There is a great cover article in the Sept/Oct. 2007 issue of Social Work today on The Highly Prized Child. It is well worth reading and can be read on line.
All children need to be prized, need to be loved, need to be cared for, but highly prized children have been treated in a way that is ultimately wounding to them. On the surface, highly prized children are self-absorbed, demanding, and indifferent to other people’s desires and needs. Underneath, however, these children are often depressed, unhappy, and lack self-confidence.
Interestingly I have seen more of these kids in my practice. I have had teenagers who refused to go to school unless their parents bought them a car saying that they are too old to ride the school bus. The demands didn't surprise me as much as the parent's serious question to me of whether I thought they should comply with the kid's demands. There seemed to be genuine concern, if not fear, that if they failed to comply with the kid's demand for a car the kid would quit school and the parent had no idea how to handle this situation.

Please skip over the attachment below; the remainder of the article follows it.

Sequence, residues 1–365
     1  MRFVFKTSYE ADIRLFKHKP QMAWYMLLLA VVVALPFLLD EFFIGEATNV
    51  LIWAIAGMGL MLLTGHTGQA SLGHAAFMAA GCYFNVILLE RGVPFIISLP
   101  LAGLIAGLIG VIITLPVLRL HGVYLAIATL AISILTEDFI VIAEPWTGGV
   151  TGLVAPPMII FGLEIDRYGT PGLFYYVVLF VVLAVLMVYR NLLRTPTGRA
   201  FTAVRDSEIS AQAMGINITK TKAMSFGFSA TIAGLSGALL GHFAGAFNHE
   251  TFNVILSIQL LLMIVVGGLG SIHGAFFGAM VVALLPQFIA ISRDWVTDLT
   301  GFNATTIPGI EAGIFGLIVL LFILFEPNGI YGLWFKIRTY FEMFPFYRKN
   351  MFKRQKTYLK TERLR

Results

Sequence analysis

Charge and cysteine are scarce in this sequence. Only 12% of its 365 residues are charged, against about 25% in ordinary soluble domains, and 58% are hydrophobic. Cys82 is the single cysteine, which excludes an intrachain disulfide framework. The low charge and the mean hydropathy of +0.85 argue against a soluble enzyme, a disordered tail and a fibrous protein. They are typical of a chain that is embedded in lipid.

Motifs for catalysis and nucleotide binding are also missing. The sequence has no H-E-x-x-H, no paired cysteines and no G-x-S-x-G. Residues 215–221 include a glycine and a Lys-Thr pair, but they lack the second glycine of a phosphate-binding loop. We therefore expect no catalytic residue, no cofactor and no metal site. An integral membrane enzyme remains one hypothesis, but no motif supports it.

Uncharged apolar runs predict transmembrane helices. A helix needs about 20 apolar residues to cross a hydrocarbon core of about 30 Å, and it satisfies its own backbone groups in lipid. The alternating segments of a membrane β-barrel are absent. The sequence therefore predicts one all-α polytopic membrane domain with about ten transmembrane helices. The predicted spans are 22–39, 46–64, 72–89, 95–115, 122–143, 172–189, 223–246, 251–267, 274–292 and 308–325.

The interesting thing is that these kids are in a huge amount of distress and nobody seems to quite understand what's wrong because they have everything and have been given everything.
In the old days these kids were called "spoiled brats" but that term is derrogatory and judgmental and is not an accurate description of the problem because this is not a moral failing of the child but a failure to have received appropriate parenting.
To access the article, click on the link below.